Thursday, 26 October 2017

The Story of a Shipwrecked Sailor by Gabriel García Márquez – Book Review

Imagine going on a voyage on the sea and your ship capsizes, your fellow sailors drown and all you have is a raft and a few oars right in the middle of the sea. This was the reality of the Colombian sailor, Luis Alejandro Velasco, in the year 1955 and he stayed on that way for ten days. Years after his ordeal, he was interviewed by the then Colombian journalist who later on went to win the Nobel Prize for Literature, Gabriel García Márquez who weaves an interesting novella from the perspective of the sailor Velasco.

On February 28, 1955, eight crew members left Mobile, Alabama, United States towards the Colombian port of Cartagena aboard the destroyer Caldas. En route, the chip capsizes and one of the sailors survive and make it to Colombia, surely, everyone would want to know his story but that is where the complications arise. Colombia was under military dictatorship back then wherein the regime declared all the sailors dead because of a storm. However, there was no storm and in fact, the ship was overloaded with contraband leading to a major factor for the accident and the government didn’t want the shortcomings exposed.

The story has a lot of parallels with that of the Daniel Defoe’s Robinson Crusoe, however, there were some significant differences. Crusoe had Friday as his companion, Velasco had none; Crusoe had arable lands, Velasco’s sources of food was minimal. But then, both deal with the survival instinct and that aspect was brought in well wherein Velasco, desperate for food, commits the cardinal sin for a sailor, which is killing a seagull.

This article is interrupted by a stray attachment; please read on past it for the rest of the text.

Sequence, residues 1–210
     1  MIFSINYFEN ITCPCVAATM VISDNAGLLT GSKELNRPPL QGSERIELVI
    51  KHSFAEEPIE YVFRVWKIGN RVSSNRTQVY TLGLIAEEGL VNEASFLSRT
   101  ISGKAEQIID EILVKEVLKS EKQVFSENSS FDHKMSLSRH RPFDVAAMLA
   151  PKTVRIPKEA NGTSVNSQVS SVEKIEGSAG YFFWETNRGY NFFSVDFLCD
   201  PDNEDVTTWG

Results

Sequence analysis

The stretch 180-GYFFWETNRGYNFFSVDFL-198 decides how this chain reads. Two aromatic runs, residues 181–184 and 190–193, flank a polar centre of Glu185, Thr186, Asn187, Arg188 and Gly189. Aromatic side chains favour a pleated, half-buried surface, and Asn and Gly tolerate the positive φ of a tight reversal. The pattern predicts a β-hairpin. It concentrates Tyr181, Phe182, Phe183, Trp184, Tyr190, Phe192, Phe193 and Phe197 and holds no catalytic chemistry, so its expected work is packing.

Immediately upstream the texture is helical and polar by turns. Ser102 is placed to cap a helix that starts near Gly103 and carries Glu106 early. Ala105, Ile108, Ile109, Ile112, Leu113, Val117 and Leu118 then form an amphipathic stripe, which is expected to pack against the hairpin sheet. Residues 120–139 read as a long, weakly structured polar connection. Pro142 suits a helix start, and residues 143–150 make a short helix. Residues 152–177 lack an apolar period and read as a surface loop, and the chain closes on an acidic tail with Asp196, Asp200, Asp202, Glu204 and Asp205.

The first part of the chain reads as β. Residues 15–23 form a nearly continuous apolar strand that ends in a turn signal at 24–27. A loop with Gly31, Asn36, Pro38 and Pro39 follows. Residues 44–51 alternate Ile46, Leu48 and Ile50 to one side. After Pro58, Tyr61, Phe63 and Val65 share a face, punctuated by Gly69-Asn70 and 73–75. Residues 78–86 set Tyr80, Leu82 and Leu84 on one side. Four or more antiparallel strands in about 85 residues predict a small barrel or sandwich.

In this quest for survival, there were a lot of other things that were happening to Velasco, wherein, though he didn’t have Friday like Crusoe, he hallucinated a friend and indulges in conversations with him. It also gets him thinking about Caribbean islands with cannibals and starting to feel safer at the sea than land. Despite the fear, he was overjoyed when he did arrive at land and saw a fellow human being and shout for help. That was an aspect that this novella lacked a little, wherein, his arrival and first interactions back in land could have been described better.

The author also brings out how Velasco being celebrated as a hero and his sudden increase in marketability (considering his endorsement deals) started to lack meaning to him, as, if he had supplies in the raft, his story wouldn’t have been half as popular. The story did have a price, for Velasco, though, with the truth exposed, he was forced to retire into oblivion by the military regime and was soon, forgotten.

For once, I had a relatively light read from Gabriel García Márquez and I think this book does a very fair job in bringing out the story for a novella. I would award the book a rating of seven on ten.

Rating – 7/10

Have a nice day,

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